November 27, 2012

York’s blog recently spoke about IT contracting from the clients’ side, describing the top 4 reasons to use an IT contractor. But why would you want to become a contractor and what are the benefits of contract work? There are plenty of reasons to explain the growing number of contractors in the IT industry. Here are a few of them:

IT Contractors report higher satisfaction

86 percent of contractors say that their current level of job satisfaction is very good or excellent compared to 73 percent of permanent workers. A question that professionals often ask is “Aren’t contractors constantly worried about finding new work?” While this issue will never completely go away, IT contractors are a very hot commodity right now. What’s more, contractors feel they have more control over their career. Contractors’ independence along with overall job satisfaction not only makes them more efficient workers, it makes them happy professionals.

IT Contractors play to their strengths 

TechRepublic contributor Chip Camden explains, if you want to work in contracting you need to be an expert in your field. “Don’t be just another {technology-du-jour} consultant. If you can become an expert in a particular segment of the industry, you’ll rarely lack for work that’s profitable and interesting (unless you get tired of that segment).” IT contractors don’t try to be a jack-of-all-trades all of the time. Instead, they are the source of knowledge about a certain subject, concept, language, etc. Take a look at York’s blog post about the top IT certifications to find certifications that demonstrate your expertise.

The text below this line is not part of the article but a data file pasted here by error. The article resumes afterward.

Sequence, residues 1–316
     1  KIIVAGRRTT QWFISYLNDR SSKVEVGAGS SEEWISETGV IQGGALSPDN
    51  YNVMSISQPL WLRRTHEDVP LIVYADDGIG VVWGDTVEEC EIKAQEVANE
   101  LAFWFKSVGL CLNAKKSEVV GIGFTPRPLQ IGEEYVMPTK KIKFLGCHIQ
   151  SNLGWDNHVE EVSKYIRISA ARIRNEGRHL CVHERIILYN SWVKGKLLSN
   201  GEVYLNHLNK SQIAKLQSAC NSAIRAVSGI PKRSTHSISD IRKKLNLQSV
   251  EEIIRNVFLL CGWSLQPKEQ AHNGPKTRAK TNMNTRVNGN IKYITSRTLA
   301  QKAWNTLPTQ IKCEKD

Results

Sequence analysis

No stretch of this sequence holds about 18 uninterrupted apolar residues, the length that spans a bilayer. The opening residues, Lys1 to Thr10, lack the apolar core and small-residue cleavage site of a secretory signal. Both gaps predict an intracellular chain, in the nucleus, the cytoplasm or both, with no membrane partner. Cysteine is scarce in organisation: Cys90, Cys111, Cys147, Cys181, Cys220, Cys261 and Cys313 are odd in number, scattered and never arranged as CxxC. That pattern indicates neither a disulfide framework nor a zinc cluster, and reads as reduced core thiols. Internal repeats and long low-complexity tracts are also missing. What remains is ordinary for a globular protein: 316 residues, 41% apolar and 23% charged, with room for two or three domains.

IT Contractors earn more

One of the biggest incentives to becoming an IT contractor is simple: you’ll be paid more for your work! Perhaps even more important, you’re being paid what you feel you’re worth. 60 percent of contract workers strongly agree with the statement “I am paid what I’m worth,” compared to only 42 percent of permanent workers, according to a Randstand study. While you may have to pay for insurance coverage, that also depends on whether or not you are self-incorporated, work through a consulting firm, and the benefits your client offers.

IT Contractors are taking a central role in IT departments’ hiring strategy

The demand for IT contractors is growing, with 73 percent of contract workers rating their growth potential in their current gig as good or excellent. According to the same Randstand study, over two-thirds of companies say they plan to increase their hiring of contractors in 2013. With a growing role, flexibility, and higher job satisfaction, we will be seeing more IT professionals turn to contract work in the future.

Are you an IT contractor/consultant? Why did you decide to become one? Share your story in the comments section below.

Posted By: James Sweeney

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